Agency CIOs thinking smarter as IT spending declines

Wednesday - 11/20/2013, 10:44am EST

Casey Coleman, chief information officer, General Services Administration

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Joe Klimavicz, chief information officer, National Oceanic and Atmospheric Administration

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For the first time federal agencies are expected to spend less on information technology in the current year than they did the year before. But that doesn't mean agencies are necessarily scaling back their capabilities. Despite technology's receding top line, agency chief information offices aren't thinking smaller when it comes it IT — they're thinking smarter.

For Casey Coleman, CIO of the General Services Administration, IT consolidation — including a push to eliminate unneeded data centers and streamline lines of authority in GSA's tech shop — have netted big savings and allowed the agency to move in a more strategic direction.

Meanwhile, Joe Klimavicz, the CIO of the National Oceanic and Atmospheric Administration, says wider adoption of shared services can help agencies cut back on operations-and-maintenance IT spending to free up more cash for mission- specific tech initiatives.

Both CIOs shared their best practices and perspective as part of the Federal News Radio special report, A New Era in Technology.

Data-center consolidation

Coleman has been focusing her efforts, in part, on a sweeping data-consolidation initiative that aims to close 74 percent of GSA's data centers by the end of fiscal 2015 and net savings of $24 million.

Last year, GSA met its goal of closing 37 data centers — out of 119 — and is well on its way to meeting its overall goal, Coleman told In Depth with Francis Rose.

"It's a fairly complex process, even for closing some of these smaller data centers," Coleman said.

First, GSA had to create a data-center inventory, which included information such as the number of servers, the total storage capacity and operating systems run out of each data center.

"And then we had to understand what was running in those data centers," she added. "What applications and tools, and what were people using them for? Once that step was completed, we could begin to plan the migration. And it's not just a matter of picking up servers and moving them. We've got to make sure that the network has got enough bandwidth in the new site to handle the additional traffic."

That meant virtualizing some applications and even phasing out those that were no longer needed.

"So, we're doing a lot to tighten up our operations at the same time that we're consolidating," Coleman said.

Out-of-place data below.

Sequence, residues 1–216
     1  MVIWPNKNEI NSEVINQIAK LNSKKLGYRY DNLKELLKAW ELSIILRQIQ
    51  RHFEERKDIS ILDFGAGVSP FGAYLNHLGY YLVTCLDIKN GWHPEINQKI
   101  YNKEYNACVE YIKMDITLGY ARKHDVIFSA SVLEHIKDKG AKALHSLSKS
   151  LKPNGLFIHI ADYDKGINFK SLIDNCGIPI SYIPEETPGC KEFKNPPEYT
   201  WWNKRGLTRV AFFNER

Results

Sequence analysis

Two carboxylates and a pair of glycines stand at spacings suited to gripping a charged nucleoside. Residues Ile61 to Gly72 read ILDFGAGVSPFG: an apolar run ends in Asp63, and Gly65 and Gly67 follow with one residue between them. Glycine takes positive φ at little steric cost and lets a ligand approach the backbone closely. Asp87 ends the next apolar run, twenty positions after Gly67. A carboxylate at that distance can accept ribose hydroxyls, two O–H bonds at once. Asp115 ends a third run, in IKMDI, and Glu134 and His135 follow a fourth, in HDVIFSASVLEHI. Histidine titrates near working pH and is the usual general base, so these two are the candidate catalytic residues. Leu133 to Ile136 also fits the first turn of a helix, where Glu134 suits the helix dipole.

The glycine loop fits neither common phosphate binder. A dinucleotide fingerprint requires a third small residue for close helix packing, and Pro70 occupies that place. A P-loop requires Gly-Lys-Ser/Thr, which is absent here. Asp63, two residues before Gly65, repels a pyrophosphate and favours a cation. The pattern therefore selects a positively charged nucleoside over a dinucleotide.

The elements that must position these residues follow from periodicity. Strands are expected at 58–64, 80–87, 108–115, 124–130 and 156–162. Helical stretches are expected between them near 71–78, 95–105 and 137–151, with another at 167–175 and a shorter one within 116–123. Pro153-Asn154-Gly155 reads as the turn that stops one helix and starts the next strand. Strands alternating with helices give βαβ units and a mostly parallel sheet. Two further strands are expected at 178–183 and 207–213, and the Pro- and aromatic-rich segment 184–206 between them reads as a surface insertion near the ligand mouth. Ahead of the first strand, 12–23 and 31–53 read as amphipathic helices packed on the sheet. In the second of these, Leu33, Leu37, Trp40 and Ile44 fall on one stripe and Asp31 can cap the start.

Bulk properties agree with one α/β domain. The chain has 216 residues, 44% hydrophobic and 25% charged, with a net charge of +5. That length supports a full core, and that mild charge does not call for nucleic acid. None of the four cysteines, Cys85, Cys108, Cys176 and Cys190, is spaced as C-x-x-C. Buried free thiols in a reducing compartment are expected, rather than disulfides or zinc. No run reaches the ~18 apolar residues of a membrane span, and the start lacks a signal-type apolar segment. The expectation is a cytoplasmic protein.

The data-center consolidation effort also comes amid a push to reorganize and streamline GSA's org chart when it comes to technology.

Previously, different GSA units, such as the Federal Acquisition Service and the Public Buildings Service ran their own IT departments with only a "dotted line reporting requirement" to Coleman's office, she said.

In February 2013, GSA brought all the disparate IT teams into a more cohesive organization, she said.

"Each of the offices had historically made its own IT choices," Coleman said. "Now coming together, we can really get the best leverage in terms of our buying power, in terms of focusing our efforts around a more core set of technologies so we can save money and improve our own subject-matter expertise around those technologies."

Shared services

Klimavicz, who heads up the CIO Council's shared-services task force, said agencies can reap large rewards by phasing out expensive proprietary back-office functions.

"The use of shared services is more important than ever given current fiscal constraints, expanded performance requirements and rising customer expectations," Klimavicz said in an interview with the Federal Drive with Tom Temin and Emily Kopp. "Federal agencies must find ways to do more things with less and the shared-services model gives us the opportunity to reduce costs, increase quality and quickly deliver new capabilities."

Klimavicz's task force helped stand up "Uncle Sam's List," an online database of existing IT shared services, such as the Treasury Department's human-resources line of business and the Agriculture Department's National Finance Center for payroll services.

"Given where we are with the fiscal environment, agencies really need to look at how they can best take advantage of the services that are out there," he said.

Last year, the task force interviewed nearly all of the government's shared- service providers and came up with five main areas that agencies should address before making the leap to shared services.

  • Governance — What is the process agencies will use to choose and migrate to and from a provider?

  • Contracting — Agreement between agencies will need to adhere to the Federal Acquisition Regulation (FAR)

  • Funding — Funding transfers between agencies can be both tricky and time-consuming

  • Customer readiness — Do you have customers that are ready to go the shared-services route?

  • Provider capability — Does the shared-service provider have the capability you're looking for and the capacity to expand?

MORE FROM THE SPECIAL REPORT, A NEW ERA OF TECHNOLOGY:

Agencies struggle to stay ahead of the curve in new era of technology

Lowest price becoming primary factor in IT, services acquisitions

DoD tasks its innovation experts with driving out cost of technology